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Discovering a Career in Nursing

Nurses provide care and comfort to everyone from infants to the elderly, from basic tasks like changing bed sheets and helping individuals dress themselves to treating patients, analyzing health information, operating medical machines, and providing public education about health care topics.

Nursing Roles
Multiple levels of nursing give you ample options to develop a nursing career. Nursing aides and assistants do the most basic kinds of work. Licensed practitioner nurses (LPNs) have greater responsibilities such as monitoring medical equipment, supervising aides, and taking samples for analysis. Registered nurses (RNs) are the largest group of health care individuals with more than 2.5 million RNs in the U.S. according to the Bureau of Labor Statistics (BLS). RNs can create health plans for patients as well as contribute to the current plans. They consult with doctors and other clinicians as well as direct LPNs and nursing attendants. RNs can specialize in a variety of areas such as working with specific population segments or specific diseases and ailments.

The Big Health Boom
One of the main benefits of being a nurse is simply being able to help people heal and overcome disease or discomfort. According to projections by the BLS, over a half of a million new RN jobs will be created between 2006 and 2016. This growth suggests that nurses should enjoy job stability as well as find a range of career options. Because of the recent nursing faculty shortage, there are opportunities for nurses to become teachers. Some hospitals and other organizations offer subsidies for education and signing bonuses to attract nurses.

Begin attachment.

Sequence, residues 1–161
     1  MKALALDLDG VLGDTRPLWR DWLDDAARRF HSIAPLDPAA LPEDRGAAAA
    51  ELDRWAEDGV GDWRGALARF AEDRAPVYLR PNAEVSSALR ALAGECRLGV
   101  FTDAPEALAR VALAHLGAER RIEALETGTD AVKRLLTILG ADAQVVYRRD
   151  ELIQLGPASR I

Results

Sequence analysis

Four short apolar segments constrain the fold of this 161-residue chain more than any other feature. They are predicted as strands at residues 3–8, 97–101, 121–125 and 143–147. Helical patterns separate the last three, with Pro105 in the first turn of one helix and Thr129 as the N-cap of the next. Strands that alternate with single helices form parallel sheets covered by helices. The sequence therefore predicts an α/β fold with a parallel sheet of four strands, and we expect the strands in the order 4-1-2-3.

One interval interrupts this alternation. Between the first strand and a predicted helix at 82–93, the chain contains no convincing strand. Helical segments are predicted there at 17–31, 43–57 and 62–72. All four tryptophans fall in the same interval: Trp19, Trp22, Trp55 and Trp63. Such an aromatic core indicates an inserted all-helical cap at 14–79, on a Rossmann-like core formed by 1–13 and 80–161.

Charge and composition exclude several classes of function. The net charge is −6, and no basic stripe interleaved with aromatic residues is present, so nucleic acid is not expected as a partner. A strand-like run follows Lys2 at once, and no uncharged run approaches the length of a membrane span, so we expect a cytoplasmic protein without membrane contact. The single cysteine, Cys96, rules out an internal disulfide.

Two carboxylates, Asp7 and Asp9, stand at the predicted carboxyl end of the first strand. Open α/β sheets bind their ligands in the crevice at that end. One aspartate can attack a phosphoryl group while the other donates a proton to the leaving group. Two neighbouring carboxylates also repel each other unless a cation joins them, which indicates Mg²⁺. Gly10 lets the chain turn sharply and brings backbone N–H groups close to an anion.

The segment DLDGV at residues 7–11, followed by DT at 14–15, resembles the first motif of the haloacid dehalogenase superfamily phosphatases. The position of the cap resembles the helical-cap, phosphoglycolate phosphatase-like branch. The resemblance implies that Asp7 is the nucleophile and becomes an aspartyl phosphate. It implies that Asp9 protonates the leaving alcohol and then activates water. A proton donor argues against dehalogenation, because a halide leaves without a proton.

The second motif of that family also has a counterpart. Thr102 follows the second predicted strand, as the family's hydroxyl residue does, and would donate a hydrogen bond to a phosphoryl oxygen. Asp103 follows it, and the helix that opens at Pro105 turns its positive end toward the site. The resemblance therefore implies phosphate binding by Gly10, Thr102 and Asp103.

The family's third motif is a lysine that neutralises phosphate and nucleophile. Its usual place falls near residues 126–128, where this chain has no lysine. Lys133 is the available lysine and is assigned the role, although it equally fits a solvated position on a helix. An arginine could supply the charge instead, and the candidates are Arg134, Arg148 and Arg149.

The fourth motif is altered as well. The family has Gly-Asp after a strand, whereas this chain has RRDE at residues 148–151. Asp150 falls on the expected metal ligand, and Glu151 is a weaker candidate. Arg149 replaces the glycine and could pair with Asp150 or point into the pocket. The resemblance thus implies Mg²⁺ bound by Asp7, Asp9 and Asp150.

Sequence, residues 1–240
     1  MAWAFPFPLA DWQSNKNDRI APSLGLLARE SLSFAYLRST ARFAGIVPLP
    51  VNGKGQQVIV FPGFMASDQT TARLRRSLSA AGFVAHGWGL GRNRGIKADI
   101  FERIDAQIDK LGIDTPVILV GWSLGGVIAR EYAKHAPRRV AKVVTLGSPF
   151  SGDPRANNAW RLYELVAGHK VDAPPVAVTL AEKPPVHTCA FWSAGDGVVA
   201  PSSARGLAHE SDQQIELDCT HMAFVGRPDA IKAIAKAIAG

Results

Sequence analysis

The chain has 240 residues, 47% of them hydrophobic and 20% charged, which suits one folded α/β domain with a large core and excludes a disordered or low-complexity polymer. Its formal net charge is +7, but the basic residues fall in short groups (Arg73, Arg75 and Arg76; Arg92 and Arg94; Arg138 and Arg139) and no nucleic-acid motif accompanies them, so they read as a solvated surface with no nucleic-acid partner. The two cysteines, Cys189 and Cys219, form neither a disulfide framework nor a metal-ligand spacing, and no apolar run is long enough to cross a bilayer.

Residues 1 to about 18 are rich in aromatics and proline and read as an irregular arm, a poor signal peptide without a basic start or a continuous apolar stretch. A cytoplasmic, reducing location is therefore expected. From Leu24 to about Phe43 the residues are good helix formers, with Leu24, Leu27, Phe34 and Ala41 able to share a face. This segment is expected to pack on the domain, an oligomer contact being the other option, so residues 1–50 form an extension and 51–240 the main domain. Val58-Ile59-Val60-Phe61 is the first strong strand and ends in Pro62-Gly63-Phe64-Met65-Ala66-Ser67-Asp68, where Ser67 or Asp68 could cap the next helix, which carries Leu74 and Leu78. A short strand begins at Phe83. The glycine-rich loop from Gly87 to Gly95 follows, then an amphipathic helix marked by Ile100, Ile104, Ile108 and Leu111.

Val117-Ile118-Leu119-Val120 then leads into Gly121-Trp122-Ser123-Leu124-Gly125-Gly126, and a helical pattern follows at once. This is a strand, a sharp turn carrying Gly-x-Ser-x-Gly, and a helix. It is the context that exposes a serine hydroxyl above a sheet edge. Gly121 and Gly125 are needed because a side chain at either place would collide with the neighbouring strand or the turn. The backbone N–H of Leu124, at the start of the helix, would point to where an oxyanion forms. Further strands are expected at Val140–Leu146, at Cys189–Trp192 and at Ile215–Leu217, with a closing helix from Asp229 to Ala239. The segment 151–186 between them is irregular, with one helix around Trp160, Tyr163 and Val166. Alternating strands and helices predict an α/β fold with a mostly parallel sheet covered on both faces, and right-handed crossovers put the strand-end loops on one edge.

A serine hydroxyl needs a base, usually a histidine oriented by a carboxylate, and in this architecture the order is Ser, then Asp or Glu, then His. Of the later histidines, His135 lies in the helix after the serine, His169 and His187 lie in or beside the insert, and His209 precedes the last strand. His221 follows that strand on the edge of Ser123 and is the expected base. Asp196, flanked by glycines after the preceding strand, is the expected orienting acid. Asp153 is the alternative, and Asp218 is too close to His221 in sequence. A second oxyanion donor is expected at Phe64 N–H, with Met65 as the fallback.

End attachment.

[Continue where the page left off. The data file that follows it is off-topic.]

Prepping for a Nursing Career
Home health aides and nursing aides often only need on-the-job training, but most other nursing careers require a higher level of education as well as certification. RN to BSN (Bachelor of Science in Nursing) degree programs can help individuals get the education they need, and RN to MSN (Master of Science in Nursing) degree programs are also available. Individuals can also continue their education to earn doctorates in nursing (DNP=Doctor of Nursing Practice). Terminal nursing degrees are generally practice-focused or research-focused. The doctorate degree prepares an individual to join nursing faculty ranks or work on health care policy issues in larger organizations.

If helping people heal is important to you, a career in nursing can be a great long-term move to bring you financial stability and personal rewards.


Publish date: June 30, 2008